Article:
Here's another example. Let's take the first three well known port numbers that Cisco wants us to memorize:

    20 FTP
    21 FTP Control
    22 SSH

    They are all TCP. To remember them as a unit together, think of some memorable words.


    The way I memorize, these words are easy to memorize. I now know the first two ports begin with F, and since they end with a T, I know they are TCP. I know the third port number has an SH in the name, and with these words, all I have to do is remember the numbers 20-22 and associate them with this three words block.

    Now, instead of associating each port number individually with it's function and whether it is TCP or UDP, I can just remember

    FiT FiT faSHisT, 20-22

    And this is enough for me to know the first three port numbers. Build similar type words blocks for the other port numbers, and it becomes a lot easier to remember.

    This is the same concept as remembering the phrase:

    All People Some Times Need Data Processing

    in order to remember the order of the levels of the OSI model.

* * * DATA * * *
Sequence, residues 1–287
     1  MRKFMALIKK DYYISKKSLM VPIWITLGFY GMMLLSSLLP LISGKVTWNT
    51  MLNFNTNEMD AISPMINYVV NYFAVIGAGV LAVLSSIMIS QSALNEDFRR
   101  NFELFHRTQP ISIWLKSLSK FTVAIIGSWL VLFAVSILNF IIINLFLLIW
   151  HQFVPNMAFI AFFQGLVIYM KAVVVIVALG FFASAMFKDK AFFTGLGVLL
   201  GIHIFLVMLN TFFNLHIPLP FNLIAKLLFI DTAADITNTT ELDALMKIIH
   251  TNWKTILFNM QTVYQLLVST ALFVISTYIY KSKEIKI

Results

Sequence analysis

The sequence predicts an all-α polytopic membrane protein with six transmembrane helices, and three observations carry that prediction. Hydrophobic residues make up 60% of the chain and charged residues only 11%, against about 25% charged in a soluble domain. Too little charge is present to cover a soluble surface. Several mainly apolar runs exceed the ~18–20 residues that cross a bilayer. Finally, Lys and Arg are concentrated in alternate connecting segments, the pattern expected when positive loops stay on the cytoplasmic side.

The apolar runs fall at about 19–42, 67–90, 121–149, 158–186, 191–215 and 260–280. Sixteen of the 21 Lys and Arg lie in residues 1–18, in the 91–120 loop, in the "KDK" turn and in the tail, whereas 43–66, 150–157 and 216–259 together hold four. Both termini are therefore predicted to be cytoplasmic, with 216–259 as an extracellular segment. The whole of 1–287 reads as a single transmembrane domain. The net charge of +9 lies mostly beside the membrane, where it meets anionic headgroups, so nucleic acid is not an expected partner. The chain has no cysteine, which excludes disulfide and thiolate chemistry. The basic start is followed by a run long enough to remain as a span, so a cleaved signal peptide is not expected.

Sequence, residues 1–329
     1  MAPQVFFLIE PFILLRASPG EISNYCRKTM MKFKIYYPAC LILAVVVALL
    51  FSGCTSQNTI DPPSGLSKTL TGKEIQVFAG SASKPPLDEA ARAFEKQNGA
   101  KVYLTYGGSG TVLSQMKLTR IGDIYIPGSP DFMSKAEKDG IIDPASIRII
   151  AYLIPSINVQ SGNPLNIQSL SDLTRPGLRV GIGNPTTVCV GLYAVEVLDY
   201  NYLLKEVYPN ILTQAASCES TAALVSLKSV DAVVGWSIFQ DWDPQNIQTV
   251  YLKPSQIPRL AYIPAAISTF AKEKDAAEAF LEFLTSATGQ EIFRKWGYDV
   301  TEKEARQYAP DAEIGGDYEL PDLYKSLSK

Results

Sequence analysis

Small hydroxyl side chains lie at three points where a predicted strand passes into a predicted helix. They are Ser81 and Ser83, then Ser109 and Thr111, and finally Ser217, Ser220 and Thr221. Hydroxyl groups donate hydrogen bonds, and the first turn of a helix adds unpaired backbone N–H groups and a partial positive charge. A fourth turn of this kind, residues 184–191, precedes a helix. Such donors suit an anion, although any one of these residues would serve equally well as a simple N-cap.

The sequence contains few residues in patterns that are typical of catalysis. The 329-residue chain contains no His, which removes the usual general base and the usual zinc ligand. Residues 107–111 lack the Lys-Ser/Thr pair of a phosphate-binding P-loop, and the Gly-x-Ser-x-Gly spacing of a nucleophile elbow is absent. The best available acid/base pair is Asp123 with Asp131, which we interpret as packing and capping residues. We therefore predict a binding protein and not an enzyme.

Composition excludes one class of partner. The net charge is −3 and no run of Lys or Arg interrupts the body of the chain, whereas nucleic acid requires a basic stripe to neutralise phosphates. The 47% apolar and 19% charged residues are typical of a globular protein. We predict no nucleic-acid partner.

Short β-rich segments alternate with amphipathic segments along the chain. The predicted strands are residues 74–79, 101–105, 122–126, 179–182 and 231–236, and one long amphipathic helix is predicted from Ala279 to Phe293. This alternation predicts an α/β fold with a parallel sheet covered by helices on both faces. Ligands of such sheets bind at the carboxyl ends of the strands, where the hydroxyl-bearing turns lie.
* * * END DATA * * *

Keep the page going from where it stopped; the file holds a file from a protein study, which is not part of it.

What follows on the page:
Change hard to remember concepts into easy to remember words.

    Hope this helps.

    Currently working on: CCNA:Security
    Up next: CCNA:Voice
  • Options
    networker050184networker050184 Mod Posts: 11,962 Mod
    Like others stated they start to stick after a while. For the ones that don't I keep this bookmarked icon_wink.gif
    An expert is a man who has made all the mistakes which can be made.
  • Options
    PashPash Member Posts: 1,600 ■■■■■□□□□□
    I am kinda fortunate in that I often make changes to big 6509 switches with a monster amount of acl's on them, when you know the "human word" or port number for a lot of rules then it kind of sticks for everything else.

    As others have said, with time it will stick like glue.
    DevOps Engineer and Security Champion. https://blog.pash.by - I am trying to find my writing style, so please bear with me.